A drama based on the true story of Melvin B. Tolson, a professor at Wiley College Texas. In 1935, he inspired students to form the school's first debate team, which went on to challenge Harvard in the national championship.
An elderly Margaret Thatcher talks to the imagined presence of her recently deceased husband as she struggles to come to terms with his death while scenes from her past life, from girlhood to British prime minister, intervene.
Richard E. Grant
A look at the life of Alfred Kinsey (Neeson), a pioneer in the area of human sexuality research, whose 1948 publication "Sexual Behavior in the Human Male" was one of the first recorded works that saw science address sexual behavior.
Set in a mountain village in Kenya the film tells the remarkable true and uplifting story of a proud old Mau Mau veteran who is determined to seize his last chance to learn to read and write - and so ends up joining a class alongside six year-olds. Together he and his young teacher face fierce resistance, but ultimately they win through - and also find a new way of overcoming the burdens of the colonial past. Written by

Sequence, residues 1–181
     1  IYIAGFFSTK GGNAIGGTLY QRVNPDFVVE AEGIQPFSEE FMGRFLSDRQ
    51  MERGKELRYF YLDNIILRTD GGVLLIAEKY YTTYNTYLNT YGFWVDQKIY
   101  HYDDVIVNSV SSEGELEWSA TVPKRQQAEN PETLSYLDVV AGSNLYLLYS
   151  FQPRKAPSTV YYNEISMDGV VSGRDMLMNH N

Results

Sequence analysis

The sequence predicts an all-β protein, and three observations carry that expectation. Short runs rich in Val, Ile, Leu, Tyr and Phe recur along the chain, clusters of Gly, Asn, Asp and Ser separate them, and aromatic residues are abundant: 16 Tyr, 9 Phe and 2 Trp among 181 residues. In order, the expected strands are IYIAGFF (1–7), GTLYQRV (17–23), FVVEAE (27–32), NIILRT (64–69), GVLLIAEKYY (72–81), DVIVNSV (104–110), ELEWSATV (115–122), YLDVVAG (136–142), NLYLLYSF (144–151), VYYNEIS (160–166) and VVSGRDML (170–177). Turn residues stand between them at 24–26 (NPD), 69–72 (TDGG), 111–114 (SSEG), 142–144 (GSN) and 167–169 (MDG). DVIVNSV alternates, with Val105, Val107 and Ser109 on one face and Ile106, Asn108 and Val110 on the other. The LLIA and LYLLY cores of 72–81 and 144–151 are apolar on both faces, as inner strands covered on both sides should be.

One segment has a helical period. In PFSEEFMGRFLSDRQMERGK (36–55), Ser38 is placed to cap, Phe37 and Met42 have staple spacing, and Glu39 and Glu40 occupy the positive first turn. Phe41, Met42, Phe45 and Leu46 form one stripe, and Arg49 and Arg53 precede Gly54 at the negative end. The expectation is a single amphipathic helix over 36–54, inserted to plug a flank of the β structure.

Kimani Ng'ang'a Maruge:
Do you think I'm too old to learn?
My father had a saying. He was not an educated man, he was a fisherman, but he said 'you never stop learning until you have soil in your ears'.
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(Kikuyu Love Song)
Composer & Arranger: Paul Mbugi Wambogo
Master & Publisher: Resonant Music (1) Limited Partners
Administered by Fintage Music Publishing & Collection B.V
Used by permission. See more »
I just saw this film at the Doha Tribeca Film Festival.
I just saw this film, yesterday, at the Doha Tribeca Film Festival.
I think this is the first time that I can say that a film has had a profound affect upon me. It's a fantastic story, and what makes it all the more amazing, as confirmed by Justin Chadwick at the festival, everything you see in the film is true and actually happened.
I am not ashamed to admit that I was moved to tears, and these were not tears of joy. Emotionally, this is a heavyweight amongst films.
The film also left me not being very proud to be British. It covers, in flash back, a part of our history that I am sure most of my fellow countrymen would wish had never happened.
I would strongly recommend that every Britain and every Kenyan watches this film. It will move them all to tears, and teach us all lessons we should not forget for the future.
If you do go to watch it, take plenty of handkerchiefs. You'll need them!
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